Top 5 Essential Assets Production Companies Need to Provide to Marketing Departments.
It's not good enough to just create great content or entertainment; you need to be able to articulate your creative vision. Generally speaking, if you have sold your show, content, or film to a network, site, or studio; it is now their responsibility to launch and promote your production. It all sounds good; until you see the creative.
In recent years, what has now become the norm is to downsize internal marketing and creative departments. Key executives are still responsible for massive workload with dozens of simultaneous shows or products to promote with half the resources, time, and budget. It is also not uncommon that marketing and development departments may still be operating in communication silos.
Despite the ease of information transactions, it is safer to assume the marketing executives have NOT had exposure to all of the production assets; or have been downloaded on the direction you have already provided to the programming or development executives months ago.
The difference between a great launch campaign; and one that leaves you kicking yourself in disbelief, may come down to the production company itself and the information it provides upfront. Take the time to do your own Brand Discovery and develop a comprehensive Branding Brief.
Shows, series, theatrical releases; they are all products in need of raising awareness, solid positioning, competitive distinctions, and the right environment to build traction. While it would be unrealistic to assume you can control the creative campaign execution; as the production company you can provide incredible strategic insight and direction upfront.
BEFORE you sit in front of the executives who control how your story is ultimately told; be prepared to come to the kickoff meeting with a well defined brand that goes beyond a sizzle reel or summary. Make sure you provide these essential assets.
1. A Branding Brief. This is arguably the most important piece of information; it serves as the roadmap defining everything from what the show is and the intention; to the emotional descriptors, voice and tone. If you are not a marketer; find one that can help guide you through the discovery process.
2. Brand Guidelines. Whether the campaign is produced in-house or by a creative agency; it is essential to include any style-guides or brand guardrails that need to be considered. The creative team is oftentimes not present at the kickoff meetings; put all brand essentials into a written document. Does a sponsor need to be included; are there mandatory legal marks, or any topics or specific areas to avoid? Take a stab at providing key information into a Creative Brief; it saves time and provides a proverbial checklist to avoid mistakes.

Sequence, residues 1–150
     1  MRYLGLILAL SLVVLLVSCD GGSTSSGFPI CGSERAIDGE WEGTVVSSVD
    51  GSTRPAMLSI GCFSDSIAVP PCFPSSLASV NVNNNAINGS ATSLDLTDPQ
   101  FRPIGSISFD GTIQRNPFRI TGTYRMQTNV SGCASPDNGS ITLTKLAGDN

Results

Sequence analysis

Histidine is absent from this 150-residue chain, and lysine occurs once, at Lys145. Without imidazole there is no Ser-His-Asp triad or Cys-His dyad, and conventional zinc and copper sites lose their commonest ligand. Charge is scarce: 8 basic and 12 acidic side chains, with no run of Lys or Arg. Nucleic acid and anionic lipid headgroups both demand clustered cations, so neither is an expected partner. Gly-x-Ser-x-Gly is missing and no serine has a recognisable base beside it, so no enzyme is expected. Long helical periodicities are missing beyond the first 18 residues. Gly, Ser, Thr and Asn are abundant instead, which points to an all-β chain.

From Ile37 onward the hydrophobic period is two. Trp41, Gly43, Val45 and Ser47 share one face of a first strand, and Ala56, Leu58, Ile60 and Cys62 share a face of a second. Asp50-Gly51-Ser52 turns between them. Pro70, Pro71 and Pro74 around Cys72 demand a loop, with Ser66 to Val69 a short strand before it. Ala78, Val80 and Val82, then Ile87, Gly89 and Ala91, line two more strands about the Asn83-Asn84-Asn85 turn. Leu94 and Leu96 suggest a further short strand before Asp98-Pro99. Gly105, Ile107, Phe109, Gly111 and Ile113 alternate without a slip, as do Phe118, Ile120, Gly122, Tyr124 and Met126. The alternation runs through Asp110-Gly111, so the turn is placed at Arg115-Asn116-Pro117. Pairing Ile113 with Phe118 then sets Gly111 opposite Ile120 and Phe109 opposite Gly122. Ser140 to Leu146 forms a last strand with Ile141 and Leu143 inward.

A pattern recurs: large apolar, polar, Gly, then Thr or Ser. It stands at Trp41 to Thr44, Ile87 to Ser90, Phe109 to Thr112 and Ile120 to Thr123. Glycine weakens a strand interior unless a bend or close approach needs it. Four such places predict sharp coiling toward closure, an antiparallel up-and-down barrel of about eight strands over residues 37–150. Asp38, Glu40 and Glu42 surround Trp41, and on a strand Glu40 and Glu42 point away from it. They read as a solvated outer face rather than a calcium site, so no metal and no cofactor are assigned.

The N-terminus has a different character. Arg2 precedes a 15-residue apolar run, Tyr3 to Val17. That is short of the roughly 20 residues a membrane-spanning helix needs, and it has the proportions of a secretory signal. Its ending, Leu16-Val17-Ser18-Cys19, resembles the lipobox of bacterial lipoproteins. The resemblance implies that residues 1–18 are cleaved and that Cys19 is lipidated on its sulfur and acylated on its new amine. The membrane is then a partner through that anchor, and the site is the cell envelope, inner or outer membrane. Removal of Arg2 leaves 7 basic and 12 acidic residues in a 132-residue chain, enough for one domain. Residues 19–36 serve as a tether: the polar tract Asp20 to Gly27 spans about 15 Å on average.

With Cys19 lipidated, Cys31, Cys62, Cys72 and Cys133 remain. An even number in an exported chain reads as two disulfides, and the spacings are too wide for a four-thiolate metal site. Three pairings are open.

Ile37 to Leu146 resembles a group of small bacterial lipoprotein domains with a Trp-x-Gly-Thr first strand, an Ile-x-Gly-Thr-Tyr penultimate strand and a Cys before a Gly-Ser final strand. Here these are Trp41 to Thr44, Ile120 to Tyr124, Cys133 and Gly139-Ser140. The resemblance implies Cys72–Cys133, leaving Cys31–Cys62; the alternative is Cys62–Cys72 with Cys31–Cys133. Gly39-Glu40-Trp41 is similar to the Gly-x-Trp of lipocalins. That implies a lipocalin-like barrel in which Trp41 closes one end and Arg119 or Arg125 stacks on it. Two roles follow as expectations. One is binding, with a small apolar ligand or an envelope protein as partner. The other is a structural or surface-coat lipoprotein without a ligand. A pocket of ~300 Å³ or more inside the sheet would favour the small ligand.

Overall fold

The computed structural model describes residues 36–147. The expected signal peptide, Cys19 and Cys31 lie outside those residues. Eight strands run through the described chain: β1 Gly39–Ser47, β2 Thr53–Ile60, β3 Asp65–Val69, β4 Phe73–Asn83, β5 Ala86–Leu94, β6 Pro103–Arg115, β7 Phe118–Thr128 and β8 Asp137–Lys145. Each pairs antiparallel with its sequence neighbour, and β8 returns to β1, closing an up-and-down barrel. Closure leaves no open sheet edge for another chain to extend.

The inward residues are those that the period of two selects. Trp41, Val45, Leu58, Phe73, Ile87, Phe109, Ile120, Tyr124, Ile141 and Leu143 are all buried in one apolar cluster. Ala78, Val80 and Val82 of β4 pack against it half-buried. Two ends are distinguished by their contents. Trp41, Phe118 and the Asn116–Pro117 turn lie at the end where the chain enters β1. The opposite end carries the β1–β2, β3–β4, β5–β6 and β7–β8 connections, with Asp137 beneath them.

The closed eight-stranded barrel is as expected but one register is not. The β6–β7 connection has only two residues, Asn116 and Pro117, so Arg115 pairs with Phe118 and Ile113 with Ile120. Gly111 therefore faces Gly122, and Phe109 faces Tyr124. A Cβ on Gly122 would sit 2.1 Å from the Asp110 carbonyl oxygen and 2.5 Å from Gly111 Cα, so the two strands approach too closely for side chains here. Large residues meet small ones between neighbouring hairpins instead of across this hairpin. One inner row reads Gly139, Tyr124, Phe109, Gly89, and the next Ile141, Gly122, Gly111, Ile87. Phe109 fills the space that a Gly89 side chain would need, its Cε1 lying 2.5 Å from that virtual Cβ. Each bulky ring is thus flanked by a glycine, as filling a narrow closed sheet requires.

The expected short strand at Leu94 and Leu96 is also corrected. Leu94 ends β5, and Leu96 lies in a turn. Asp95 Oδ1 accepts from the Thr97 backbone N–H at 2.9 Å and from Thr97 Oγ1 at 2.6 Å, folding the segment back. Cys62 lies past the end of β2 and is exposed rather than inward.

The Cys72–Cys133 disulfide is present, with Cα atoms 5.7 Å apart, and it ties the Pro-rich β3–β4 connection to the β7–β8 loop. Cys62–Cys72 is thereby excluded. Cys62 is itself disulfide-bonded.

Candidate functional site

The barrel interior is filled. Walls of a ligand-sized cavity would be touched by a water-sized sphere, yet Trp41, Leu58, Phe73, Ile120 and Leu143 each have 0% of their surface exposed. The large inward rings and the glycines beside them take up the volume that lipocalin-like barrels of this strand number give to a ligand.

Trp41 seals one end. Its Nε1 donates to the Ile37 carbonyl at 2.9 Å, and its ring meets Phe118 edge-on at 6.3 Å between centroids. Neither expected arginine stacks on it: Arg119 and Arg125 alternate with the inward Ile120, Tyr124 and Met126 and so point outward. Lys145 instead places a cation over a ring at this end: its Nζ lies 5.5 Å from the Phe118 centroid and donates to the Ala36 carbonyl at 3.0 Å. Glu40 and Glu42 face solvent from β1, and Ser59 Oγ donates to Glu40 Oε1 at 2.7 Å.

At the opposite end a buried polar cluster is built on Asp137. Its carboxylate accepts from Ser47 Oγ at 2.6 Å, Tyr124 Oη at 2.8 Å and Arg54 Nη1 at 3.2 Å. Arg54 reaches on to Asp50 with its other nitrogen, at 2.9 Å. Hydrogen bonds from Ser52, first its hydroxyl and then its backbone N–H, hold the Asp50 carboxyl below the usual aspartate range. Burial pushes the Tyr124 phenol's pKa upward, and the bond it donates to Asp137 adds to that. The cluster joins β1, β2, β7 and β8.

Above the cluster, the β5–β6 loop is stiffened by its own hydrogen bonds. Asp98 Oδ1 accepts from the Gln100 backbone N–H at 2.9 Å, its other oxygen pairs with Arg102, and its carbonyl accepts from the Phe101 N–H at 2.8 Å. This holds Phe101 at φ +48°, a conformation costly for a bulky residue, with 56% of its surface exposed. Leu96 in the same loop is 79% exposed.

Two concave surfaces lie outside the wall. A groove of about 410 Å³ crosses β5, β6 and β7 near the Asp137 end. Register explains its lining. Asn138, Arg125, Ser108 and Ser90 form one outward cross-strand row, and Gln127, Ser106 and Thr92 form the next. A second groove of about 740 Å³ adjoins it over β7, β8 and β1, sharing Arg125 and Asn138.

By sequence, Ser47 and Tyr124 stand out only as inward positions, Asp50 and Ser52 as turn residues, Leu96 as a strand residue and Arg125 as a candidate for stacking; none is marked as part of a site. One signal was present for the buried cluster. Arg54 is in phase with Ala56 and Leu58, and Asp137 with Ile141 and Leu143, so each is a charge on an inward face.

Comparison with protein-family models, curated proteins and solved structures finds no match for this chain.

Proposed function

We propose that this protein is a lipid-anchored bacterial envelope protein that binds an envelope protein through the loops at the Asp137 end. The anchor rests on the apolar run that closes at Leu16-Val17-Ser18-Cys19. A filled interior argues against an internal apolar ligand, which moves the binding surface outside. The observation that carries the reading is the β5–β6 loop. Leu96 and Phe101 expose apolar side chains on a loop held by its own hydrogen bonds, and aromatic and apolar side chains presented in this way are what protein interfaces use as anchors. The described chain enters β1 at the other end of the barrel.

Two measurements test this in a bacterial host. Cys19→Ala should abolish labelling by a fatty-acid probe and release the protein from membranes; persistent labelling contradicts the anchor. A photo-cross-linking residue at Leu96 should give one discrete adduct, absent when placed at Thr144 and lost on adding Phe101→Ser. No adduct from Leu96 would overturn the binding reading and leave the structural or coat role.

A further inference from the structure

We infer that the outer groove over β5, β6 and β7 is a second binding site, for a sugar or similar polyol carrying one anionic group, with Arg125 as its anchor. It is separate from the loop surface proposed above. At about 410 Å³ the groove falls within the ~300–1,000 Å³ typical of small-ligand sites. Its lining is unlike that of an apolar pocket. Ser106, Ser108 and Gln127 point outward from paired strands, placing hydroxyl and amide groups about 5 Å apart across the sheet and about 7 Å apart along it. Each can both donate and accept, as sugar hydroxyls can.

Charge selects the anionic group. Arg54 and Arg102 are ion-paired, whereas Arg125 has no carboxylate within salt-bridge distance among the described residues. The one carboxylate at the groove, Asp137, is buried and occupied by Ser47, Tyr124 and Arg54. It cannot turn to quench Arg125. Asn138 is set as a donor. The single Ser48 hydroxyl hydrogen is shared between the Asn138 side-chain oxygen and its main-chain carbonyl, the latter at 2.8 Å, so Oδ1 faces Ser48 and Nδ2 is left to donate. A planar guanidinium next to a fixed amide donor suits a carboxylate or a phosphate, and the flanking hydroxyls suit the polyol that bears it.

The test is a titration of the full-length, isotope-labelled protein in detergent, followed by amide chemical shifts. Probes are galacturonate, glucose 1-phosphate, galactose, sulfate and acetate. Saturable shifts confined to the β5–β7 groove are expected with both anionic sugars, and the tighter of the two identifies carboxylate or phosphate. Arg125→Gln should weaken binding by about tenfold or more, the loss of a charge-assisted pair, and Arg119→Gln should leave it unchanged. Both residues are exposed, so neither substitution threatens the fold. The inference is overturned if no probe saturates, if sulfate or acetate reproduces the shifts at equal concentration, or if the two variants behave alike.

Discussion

3. Build a List of Deliverables/Assets. Chances are the campaign strategy will include promotional tactics across multi-platforms; this requires communication upfront on both sides to gain the appropriate assets from your crew and meet deadlines often occurring before production wraps. Social media requires stories to be told in shorter durations; PR may require exclusive footage or interviews, promo may need talent to do one-liners/wild-lines; print campaigns require talent availability and shoots; and sales may require presentation materials for customized pitches. While talented marketing departments can engineer creative magic; it works best with planning.
4. Production Timelines and Shoot Dates. Yes, marketing will need to be on-set. Work it into the actual production and set aside time to accommodate any press, promotional shoots or interviews. Be open to extending the production schedule if they are willing to foot the bill. Avoid surprises and always ask what formats are needed to avoid re-delivering assets.
5. A List of Contacts, Location/Times, and Any Other Pertinent Information. The basics don't require much more than that; but if your leading lady doesn't want anyone to make eye contact, this would be good info to provide.
Know your Brand. Ask Questions. Define Roles; including what role your internal marketing team will play to avoid an overlap in outreach. Creative is subjective, and you may or may not have input on the backend; if you collaborate and have provide the essentials upfront, the probability for great creative increases.
Lorey Zlotnick is an award-winning brand marketing veteran, speaker, and start-up launch specialist. As the SVP of Marketing, she has strategically launched, built, re-branded, and managed global iconic sports, entertainment, media, and tech brands for the NFL, FOX, Disney, SONY, Los Angeles Times, eCompanies, and NewsCorp.
Zlotnick is currently the CMO + Brand Architect of Zequity Marketing where she guides companies, start-ups, production companies, and creative agencies through all phases of strategic branding and culture.
BRANDS ARE BUILT.